Today is All You Have, Make Full Use of it!
Faith, Hope and Charity are celebrated in the Corinthians. We have been indoctrinated into the belief that ‘hope’ is a wonderful virtue to cultivate. There are tales galore of persons in severely adverse circumstances who survived because they had ‘hope.’ We support our close ones by admonishing them ‘not to lose hope.’ We define ‘losers’ in our society as persons who have ‘given up hope.’
I invite you to consider that this approach that has undoubtedly helped many may still be flawed.
Because built into the very fabric of ‘hope’ is the notion that it is ‘tomorrow’ that will be better.
We ignore today because it is too problematic and live in the expectation that tomorrow will solve all our problems. There will always be another tomorrow. That, in fact, is the stirring conclusion of Gone With the Wind.
Here is the catch:
When we fixate on what will come, or could come, tomorrow, we dismiss the present. Possibly we even denigrate it.
But today is all you have. It is all you will ever have.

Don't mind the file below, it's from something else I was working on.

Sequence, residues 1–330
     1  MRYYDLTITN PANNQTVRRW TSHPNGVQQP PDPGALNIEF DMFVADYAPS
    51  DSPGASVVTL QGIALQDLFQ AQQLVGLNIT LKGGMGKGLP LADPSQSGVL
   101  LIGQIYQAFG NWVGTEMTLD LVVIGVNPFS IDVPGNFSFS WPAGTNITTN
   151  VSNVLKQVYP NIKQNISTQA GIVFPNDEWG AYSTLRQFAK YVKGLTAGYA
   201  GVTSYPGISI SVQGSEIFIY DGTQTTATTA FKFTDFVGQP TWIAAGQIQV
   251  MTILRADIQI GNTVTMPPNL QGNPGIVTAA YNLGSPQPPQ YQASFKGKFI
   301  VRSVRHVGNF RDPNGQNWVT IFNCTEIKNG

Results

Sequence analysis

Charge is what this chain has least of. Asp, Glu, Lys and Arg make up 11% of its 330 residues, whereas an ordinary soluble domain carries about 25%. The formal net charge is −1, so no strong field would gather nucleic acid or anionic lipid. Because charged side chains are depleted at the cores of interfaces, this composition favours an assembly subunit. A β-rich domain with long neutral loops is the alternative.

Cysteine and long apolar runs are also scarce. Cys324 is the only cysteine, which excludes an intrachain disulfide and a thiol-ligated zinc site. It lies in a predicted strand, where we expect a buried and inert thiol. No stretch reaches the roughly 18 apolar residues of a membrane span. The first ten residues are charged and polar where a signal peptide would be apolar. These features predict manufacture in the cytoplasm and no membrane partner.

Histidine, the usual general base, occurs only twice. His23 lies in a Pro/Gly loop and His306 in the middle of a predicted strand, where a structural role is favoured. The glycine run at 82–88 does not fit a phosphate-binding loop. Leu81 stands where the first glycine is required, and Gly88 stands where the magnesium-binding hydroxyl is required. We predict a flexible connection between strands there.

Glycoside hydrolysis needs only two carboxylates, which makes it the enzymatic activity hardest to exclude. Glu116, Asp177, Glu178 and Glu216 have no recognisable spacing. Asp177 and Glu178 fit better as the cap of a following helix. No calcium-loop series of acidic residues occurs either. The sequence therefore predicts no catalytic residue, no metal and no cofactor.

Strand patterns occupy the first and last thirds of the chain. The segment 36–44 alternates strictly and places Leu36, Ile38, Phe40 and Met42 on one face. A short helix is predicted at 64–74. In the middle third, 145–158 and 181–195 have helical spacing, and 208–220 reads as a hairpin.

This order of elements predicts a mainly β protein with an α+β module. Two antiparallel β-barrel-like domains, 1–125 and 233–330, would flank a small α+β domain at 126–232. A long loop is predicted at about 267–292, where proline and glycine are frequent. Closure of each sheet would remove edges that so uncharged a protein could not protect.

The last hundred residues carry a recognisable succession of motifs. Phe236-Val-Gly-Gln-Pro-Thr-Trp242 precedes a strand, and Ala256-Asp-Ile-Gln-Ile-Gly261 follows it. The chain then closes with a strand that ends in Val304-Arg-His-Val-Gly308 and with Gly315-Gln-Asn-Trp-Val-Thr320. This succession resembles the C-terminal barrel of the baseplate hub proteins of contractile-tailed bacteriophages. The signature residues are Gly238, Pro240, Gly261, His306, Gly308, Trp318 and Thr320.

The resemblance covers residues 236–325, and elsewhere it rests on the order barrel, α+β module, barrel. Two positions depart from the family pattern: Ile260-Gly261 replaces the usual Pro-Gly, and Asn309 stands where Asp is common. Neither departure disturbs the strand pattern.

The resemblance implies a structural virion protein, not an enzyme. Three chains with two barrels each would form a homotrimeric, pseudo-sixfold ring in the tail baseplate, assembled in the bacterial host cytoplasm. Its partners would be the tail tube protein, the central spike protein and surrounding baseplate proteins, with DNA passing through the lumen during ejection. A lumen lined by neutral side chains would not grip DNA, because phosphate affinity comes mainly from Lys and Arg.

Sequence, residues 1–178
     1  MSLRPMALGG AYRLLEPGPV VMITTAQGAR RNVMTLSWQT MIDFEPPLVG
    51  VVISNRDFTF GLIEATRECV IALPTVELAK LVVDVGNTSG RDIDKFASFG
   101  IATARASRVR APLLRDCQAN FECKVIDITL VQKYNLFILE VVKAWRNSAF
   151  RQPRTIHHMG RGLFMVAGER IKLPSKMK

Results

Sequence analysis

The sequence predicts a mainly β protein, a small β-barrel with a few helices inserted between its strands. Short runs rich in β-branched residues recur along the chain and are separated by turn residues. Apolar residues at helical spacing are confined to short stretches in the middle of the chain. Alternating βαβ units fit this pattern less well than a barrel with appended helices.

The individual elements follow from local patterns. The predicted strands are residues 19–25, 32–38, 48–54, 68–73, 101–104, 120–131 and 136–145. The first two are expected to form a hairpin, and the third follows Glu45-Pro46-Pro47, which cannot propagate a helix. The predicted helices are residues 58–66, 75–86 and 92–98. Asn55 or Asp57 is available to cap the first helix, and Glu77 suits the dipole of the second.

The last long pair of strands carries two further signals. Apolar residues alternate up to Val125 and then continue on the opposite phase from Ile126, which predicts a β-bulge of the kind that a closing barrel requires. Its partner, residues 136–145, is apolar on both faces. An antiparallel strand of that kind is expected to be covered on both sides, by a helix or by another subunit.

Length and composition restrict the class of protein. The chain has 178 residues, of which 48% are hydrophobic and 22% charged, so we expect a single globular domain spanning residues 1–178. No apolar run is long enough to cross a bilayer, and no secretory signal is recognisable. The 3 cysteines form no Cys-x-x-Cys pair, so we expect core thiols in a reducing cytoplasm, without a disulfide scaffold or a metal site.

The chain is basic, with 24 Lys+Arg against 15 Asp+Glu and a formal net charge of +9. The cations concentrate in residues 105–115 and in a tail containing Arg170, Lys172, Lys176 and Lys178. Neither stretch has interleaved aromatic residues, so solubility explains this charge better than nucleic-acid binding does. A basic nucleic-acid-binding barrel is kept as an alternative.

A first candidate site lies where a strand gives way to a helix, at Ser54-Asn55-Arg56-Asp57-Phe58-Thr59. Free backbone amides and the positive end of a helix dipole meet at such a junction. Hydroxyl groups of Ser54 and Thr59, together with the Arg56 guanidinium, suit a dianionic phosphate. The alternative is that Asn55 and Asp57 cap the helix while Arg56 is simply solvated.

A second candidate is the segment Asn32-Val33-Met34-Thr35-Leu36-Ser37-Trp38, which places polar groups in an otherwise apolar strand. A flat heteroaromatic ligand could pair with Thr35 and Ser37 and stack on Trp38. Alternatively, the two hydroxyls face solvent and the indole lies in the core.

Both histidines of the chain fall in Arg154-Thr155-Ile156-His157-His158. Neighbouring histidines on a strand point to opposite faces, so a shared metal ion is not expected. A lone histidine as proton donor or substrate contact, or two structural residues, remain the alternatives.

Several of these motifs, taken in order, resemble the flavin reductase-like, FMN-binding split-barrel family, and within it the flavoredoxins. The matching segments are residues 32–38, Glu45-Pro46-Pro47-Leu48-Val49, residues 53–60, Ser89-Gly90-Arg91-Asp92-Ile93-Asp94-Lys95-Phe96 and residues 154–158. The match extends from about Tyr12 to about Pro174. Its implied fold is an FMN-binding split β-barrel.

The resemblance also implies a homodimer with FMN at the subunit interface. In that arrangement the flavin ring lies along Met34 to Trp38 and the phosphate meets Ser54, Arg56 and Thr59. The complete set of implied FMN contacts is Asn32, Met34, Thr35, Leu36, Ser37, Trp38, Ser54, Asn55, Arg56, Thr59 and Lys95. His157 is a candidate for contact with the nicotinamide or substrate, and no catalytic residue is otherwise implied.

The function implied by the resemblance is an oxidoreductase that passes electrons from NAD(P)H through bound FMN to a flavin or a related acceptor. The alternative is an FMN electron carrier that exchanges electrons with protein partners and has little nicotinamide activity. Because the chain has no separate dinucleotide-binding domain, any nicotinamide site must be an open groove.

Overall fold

When you are busy imagining the many ways in which the future will be ‘better’, you are ignoring the gift that the present has for you. And it is a munificent gift.
It is our mental chatter that leads us to conclude that our present is terrible and needs to be changed. It is that incessant voice in our head that insists we change our circumstances and drives us in our quest for ‘more’.
We want more money, bigger house, a better spouse, more accomplished children, more fame and power and prestige. More, more, always more.
And Hope is the hand-maiden of this urge feeding it with the notion of possibility.
It makes us unhappy in the present and teaches us to live for and in the future.
And we forget that we can only be joyful now!
I get great pushback when I speak about this in public forums. I am asked if I advocate not ‘planning for the future’ and to abandon striving to make oneself better.
Of course not.
You should strive to grow, materially and spiritually. In fact, it is your obligation to do so.
But do so with a sense of joy and gratitude. Do so with the knowledge that the planning for tomorrow happens today. That the actions you undertake to bring about that future are taken in the present.
So you enjoy each day and it is complete in and of itself.
Tomorrow will be the same when it arrives.
You don’t work and strive in the ‘hope’ that there will be a superior tomorrow.
You work and strive because the working and striving itself are providing you with the nourishment you need and contribute to your growth.
And tomorrow will turn out the way it turns out and you are fine with it.
Try living this way. You may be surprised at how light and cheerful you feel.